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Not an easy study or topic to undertake.

But if I am correct in assuming that this is for somekind of academic challenge such as a degree (projects in computing are in my case academic (research) rather than technical (working product that gets you a job and gives you experiance))...

You would want to devise a way to test the effectiveness of the implementation methods.

So for example maybe building the game in the latest version of OpenGL using the newest methods for creating things.... Then doing the same thing with an older version.

(DirectX example: Drawing Primitives using triangle lists \ strips which are supported in the latest versions and then try to do the same thing in an older version (before ver 5.0) using the Execute Buffers)
I don''t use OpenGL, so I don''t know its history....


Just an idea.....

Also... why DOES it have to be a game... you could just as easily justify a simple application that renders a number of cubes, uses sound and any other things that you wanted without turning it into a game.... although a game is a lot more fun

I reckon you need to figure out what your aims are:
Aims: What the actual goal is (How well has OpenGL advanced since it was first created)
Objectives: What you are going to do to complete your aims (Build sets of applications that do the same thing, but make use of the new developments that each new version brought)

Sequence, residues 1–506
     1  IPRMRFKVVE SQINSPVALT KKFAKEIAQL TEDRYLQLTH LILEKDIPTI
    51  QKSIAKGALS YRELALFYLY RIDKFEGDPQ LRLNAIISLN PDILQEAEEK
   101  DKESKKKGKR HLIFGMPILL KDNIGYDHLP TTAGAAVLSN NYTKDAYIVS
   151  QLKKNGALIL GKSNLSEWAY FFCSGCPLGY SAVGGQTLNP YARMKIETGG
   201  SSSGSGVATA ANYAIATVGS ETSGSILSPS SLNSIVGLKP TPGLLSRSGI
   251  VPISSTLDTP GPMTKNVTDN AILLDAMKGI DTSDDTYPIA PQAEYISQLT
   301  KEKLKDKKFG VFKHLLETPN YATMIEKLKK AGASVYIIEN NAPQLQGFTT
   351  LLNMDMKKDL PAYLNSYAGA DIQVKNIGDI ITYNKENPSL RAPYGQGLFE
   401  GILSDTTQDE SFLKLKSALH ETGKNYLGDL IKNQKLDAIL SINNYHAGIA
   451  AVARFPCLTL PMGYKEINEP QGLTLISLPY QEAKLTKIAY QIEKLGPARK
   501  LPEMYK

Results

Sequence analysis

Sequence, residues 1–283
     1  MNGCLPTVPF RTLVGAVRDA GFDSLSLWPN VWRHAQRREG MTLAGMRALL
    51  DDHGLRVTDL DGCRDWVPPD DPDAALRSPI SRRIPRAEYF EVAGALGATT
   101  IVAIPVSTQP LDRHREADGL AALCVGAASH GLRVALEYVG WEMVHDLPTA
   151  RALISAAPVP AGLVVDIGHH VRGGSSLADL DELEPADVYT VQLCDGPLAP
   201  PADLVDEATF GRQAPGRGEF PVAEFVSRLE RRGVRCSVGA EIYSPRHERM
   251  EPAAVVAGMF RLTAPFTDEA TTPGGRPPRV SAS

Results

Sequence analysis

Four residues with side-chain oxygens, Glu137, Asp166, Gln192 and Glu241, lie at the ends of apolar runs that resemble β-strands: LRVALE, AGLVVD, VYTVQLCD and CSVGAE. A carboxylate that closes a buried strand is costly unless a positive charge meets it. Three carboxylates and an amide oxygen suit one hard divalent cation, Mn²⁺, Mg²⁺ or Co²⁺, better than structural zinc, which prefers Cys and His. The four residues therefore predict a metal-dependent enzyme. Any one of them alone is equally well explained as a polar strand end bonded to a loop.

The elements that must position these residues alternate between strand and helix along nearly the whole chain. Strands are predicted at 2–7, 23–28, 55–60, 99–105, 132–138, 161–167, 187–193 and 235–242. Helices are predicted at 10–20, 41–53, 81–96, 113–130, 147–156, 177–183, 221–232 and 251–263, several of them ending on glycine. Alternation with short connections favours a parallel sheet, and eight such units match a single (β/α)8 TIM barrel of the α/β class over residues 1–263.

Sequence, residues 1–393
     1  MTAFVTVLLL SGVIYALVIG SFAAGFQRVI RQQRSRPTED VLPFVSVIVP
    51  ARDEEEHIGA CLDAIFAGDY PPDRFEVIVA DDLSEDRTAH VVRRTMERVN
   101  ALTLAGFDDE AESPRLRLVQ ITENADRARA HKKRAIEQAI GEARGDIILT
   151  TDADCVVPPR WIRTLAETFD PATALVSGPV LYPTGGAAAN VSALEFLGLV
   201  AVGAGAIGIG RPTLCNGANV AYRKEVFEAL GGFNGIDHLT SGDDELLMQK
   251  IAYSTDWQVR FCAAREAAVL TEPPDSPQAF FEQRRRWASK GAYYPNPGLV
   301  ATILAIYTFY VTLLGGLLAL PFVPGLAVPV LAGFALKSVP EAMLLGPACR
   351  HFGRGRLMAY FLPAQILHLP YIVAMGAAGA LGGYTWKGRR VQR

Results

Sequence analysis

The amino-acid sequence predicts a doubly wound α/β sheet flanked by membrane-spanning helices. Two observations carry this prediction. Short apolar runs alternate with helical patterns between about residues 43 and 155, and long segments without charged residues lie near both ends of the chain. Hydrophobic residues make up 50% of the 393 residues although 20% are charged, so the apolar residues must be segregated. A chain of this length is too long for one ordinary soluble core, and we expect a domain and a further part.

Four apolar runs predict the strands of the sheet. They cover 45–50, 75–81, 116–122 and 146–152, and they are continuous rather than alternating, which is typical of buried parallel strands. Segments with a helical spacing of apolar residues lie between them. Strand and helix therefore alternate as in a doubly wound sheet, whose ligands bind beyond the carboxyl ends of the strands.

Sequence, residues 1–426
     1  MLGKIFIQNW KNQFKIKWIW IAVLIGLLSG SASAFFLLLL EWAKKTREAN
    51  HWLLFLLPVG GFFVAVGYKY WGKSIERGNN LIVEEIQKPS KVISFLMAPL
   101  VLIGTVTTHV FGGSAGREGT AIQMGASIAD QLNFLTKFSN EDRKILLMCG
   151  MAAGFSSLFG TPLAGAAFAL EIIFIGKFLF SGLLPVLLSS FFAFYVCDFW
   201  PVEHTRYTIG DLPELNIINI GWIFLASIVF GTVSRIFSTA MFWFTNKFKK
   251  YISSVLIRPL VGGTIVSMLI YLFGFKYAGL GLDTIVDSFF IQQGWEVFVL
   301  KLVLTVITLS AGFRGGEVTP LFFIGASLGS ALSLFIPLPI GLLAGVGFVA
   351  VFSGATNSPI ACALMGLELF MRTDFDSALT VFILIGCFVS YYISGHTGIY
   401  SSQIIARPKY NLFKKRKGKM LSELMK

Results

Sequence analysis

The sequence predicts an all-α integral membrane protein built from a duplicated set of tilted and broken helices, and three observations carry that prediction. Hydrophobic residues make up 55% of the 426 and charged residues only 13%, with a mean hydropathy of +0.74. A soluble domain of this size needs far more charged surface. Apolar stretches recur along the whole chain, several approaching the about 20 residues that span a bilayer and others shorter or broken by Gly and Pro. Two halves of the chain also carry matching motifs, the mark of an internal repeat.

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quote:
Original post by aeleneski
Well I am doing an independant study using OpenGL. By December I am supposed to have a completed project, which in my case will be a game. I am supposed to show how technology has advanced and all so I was thinking of doing a 3d version of Spacewar. Does this sound like a good idea? Or is there something better that you guys can think of?


It would be a better idea if you coded the game with a split-screen option. In one screen (while you play) the game would be seen as it originally was, and in the other the new kicking ass 3D version. Then you could go fullscreen any of both and notice the difference (if any )

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If you are looking to demonstrate how technology has evolved and you have access to a newer graphics card you could demonstrate the power of programmable shaders by performing some sort of technique that is normally done in software on the hardware. A presentation I was at yesterday demonstrated the use of programmable shaders to do global illumination but there are lots of other things that can be done, per pixel lighting, phong shading etc etc.

"Give a man a fish and he will eat for a day, drown a man in the water and the fish will eat for a week!

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